“From our standpoint, we’re all about God in this day and age and liberating Africa – the betterment of mankind, in particular the African people,” said lead singer and founder David Hinds. “We strongly believe the human race will never be at its heights unless every human being is elevated to the same level.”
The band’s latest album, “African Holocaust,” throbs with an evocative and inspiring tribute to the struggles of African descendants in the past 700 years.
“We search the past, because if you don’t know how something happened, you can’t fix it,” Hinds said. “Black history is not just some tale told by the victors because there are still too many victims, and you can’t re-invent what’s still going on.”
As a child growing up in England, Hinds identified more with his Jamaican than African roots. His parents had emigrated from Jamaica after World War II, but they remained true to the island traditions. As a result, his music reflects uplifting qualities of Rastafarian spiritual beliefs.
“Our music is always stimulating – no way you can ever sit still to it – but our focus is serious and true,” said co-founder Selwyn Brown.
Hinds’ links to the island and the racial tension he experienced growing up in the ghetto of Handsworth, England, led him to develop a strong political voice, along with his high school friend Brown. Their outrage ultimately fueled their reggae music.
“We deal with environmental issues, political issues and religious issues – difficult issues all over the border,” Brown said.
Hinds and Brown taught one another the basics of music and formed Steel Pulse in 1975. But British club owners shunned the band because of reggae’s reputation for anti-authoritarian ideas and a penchant for smoking ganja.
Steel Pulse got its break with the punk and new wave movement, opening for such bands as the Clash and the Police. It signed with Island Records and recorded its first three albums under Karl Pitterson, who had worked with Bob Marley and the Wailers.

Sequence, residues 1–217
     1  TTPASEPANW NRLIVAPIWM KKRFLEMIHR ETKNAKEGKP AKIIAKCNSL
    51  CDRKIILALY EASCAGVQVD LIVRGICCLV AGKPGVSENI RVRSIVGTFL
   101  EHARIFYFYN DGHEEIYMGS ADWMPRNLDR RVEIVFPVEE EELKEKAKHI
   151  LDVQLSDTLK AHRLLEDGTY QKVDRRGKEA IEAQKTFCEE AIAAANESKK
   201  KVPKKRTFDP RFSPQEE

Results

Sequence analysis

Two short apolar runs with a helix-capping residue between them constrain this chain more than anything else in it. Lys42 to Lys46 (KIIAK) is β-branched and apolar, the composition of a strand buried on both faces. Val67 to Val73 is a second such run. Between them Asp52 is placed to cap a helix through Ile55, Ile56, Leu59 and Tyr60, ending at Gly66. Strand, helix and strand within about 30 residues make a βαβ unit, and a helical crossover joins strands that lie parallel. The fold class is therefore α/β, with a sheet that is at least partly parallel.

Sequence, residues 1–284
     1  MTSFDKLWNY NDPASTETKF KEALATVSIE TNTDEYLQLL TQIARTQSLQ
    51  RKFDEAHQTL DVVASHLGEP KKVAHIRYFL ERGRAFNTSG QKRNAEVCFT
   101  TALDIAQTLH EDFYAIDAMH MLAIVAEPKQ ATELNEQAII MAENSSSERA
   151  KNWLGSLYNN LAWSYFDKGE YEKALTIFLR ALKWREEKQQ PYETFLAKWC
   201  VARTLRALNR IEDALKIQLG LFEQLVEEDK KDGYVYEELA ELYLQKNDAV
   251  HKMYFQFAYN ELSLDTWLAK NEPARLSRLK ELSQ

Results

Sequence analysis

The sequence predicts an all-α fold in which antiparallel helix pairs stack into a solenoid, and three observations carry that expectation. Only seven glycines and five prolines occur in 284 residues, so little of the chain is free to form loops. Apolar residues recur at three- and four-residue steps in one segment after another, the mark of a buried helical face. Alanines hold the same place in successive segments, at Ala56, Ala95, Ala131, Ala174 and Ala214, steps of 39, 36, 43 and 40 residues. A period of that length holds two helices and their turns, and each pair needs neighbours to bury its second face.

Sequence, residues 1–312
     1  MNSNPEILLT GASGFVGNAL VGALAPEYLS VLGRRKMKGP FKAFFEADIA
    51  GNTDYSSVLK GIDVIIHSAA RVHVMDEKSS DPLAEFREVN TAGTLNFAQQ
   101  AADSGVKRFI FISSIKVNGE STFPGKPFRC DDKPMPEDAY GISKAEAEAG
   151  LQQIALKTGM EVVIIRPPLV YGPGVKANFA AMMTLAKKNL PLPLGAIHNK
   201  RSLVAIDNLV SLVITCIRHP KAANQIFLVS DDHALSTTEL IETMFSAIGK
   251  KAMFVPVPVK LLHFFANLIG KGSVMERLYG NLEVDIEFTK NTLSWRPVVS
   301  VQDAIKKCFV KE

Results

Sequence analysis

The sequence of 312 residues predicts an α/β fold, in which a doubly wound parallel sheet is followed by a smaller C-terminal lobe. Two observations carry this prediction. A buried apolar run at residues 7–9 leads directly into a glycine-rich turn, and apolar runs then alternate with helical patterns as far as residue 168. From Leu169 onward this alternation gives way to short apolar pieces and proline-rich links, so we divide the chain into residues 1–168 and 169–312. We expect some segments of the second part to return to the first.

Then, in the 1980s, against the advice of Island Records executives who told the band it wouldn’t have any fans in the United States, Steel Pulse toured the States and Europe, drawing large followings. It won a Grammy Award for “Babylon the Bandit“ in 1985.
But by the late ’80s, the band lost its unique edge by trying to become more commercially viable. Hinds said the record company asked the band to tone down its messages, particularly in the way of naming such specific “enemies” as the government and the Ku Klux Klan. Whatever the reasons, its 1988 album “State of Emergency,” released by MCA, bombed.
In 1994, Steel Pulse returned to its roots, recording “Vex” in Jamaica and infusing its music with statements about contemporary issues – a trend it has maintained.
“We always try to let people be aware of what’s going on,” Hinds said. “Everybody’s lifestyle is eight hours of sleep, eight hours of work and eight hours to pay bills and entertain the rest of the family. As a result, people go around with their eyes shut. This is where we come in. We try to enlighten the population.
“It’s like a bumblebee in a pollen field. We go to different parts of the world and visit and spread the word of how people are living in other parts of the world. We delve into subject matters that are not everyday ‘Baby, I love you.’ We have more of a scope and more of a depth in what we talk about.”
Steel Pulse plays at 3:30 p.m. Saturday after Trevor Hall opens at 2 p.m. at Copper Mountain.
July 29, 2004